One Upon a River by Diane Setterfield begins in the Swan Inn at Radcot along the River Thames. The year is 1887. In addition to serving ale, cider, and meals, the Swan offers its patrons a daily fare of stories told either by the owner or by a patron (with others chiming in with their two pennies worth to help the storyteller along). So, if you want to hear a good story, the Swan is where you need to be. And that is where Diane Setterfield takes us to share a delightful story, delightfully told.
It begins on the night of the winter solstice, the longest night of the year. The patrons are huddled together, drinking ale, telling stories, and embellishing each story in the telling of it. Suddenly, a badly injured man with a bloodied and misshapen face bursts into the inn carrying what appears to be a large puppet. The puppet turns out not to be a puppet, after all. Instead, it is a lifeless young girl. And the young girl turns out not to be dead, after all. She slowly regains consciousness and becomes the subject of future stories as the child who died and came back to life. And so the story unfolds.
The mystery at the heart of the novel is the identity of the child. Who is she? Is she the young girl who was kidnapped two years ago? The sister of the cleaning lady at the parsonage? Or the daughter of the woman who committed suicide? Or is she someone else entirely—an ethereal creature from a different time and place?
The novel is populated with believable and delightful characters: the proprietors of the Swan with their brood of children; their customers; a farmer of mixed racial heritage with his wife and children; a young couple still reeling from the loss their child to kidnappers; a photographer; a midwife; and a host of villagers who make up the medley of characters. But what would a story be without a villain? So, add to the mix a ruthless villain, kidnapping, murder, and blackmail. And haunting the river is the mysterious Quietly whose name is spoken in hushed whispers. He ferries people safely to the river bank if their time has not yet come, and he ferries them to the other side where they are never to be seen again if their time is up. Throughout it all is the ever-present river with its winding ways and changing currents, harboring mysteries in its enchanting waters.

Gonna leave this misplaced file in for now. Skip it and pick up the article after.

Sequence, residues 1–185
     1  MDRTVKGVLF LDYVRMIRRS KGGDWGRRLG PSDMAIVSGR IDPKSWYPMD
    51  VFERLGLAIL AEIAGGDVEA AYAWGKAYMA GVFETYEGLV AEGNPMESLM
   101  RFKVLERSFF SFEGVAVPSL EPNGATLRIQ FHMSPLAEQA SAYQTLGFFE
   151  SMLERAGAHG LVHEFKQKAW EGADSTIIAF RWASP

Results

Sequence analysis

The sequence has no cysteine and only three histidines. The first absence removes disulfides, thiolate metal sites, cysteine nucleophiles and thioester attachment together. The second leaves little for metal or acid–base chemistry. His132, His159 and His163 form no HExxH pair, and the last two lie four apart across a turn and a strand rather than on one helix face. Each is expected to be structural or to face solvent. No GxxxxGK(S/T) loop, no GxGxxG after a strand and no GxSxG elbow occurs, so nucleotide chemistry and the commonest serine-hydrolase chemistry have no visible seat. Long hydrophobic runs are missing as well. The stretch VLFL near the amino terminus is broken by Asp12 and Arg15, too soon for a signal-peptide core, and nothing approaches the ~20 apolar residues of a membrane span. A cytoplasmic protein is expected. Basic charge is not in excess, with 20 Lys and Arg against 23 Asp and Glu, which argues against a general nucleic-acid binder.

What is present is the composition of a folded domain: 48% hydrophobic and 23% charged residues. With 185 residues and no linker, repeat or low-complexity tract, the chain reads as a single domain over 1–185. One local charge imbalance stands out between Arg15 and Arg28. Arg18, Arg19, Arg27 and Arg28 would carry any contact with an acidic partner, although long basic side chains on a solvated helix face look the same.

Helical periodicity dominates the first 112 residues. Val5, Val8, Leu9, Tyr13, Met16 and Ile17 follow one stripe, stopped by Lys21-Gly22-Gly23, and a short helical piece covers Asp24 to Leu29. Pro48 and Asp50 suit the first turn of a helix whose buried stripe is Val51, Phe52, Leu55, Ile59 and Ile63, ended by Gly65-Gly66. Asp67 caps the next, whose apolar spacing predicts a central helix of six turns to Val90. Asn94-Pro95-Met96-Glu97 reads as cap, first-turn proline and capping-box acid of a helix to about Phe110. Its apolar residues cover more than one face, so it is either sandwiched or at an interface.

With interlocking threads of magical realism, folklore, science, and myth, Setterfield has composed a magic carpet that whisks you to a different time, a different place, and the liminal space between the real and the unreal. Her writing is eloquent, haunting, descriptive, and immersive. The dialogue is so realistic that one gets the sense of eavesdropping on real conversations. Her lines, peppered with irony and a gentle humor, reveal a charming ability for turning a phrase.
Setterfield is a talented storyteller with an uncanny knack of making you feel as if you are curled up in a comfy chair, cradling a hot cup of tea, and listening to a gifted storyteller as she tells her wondrous tale.
A delightful story, delightfully told, celebrating the power of story-telling. How can it be anything but highly recommended?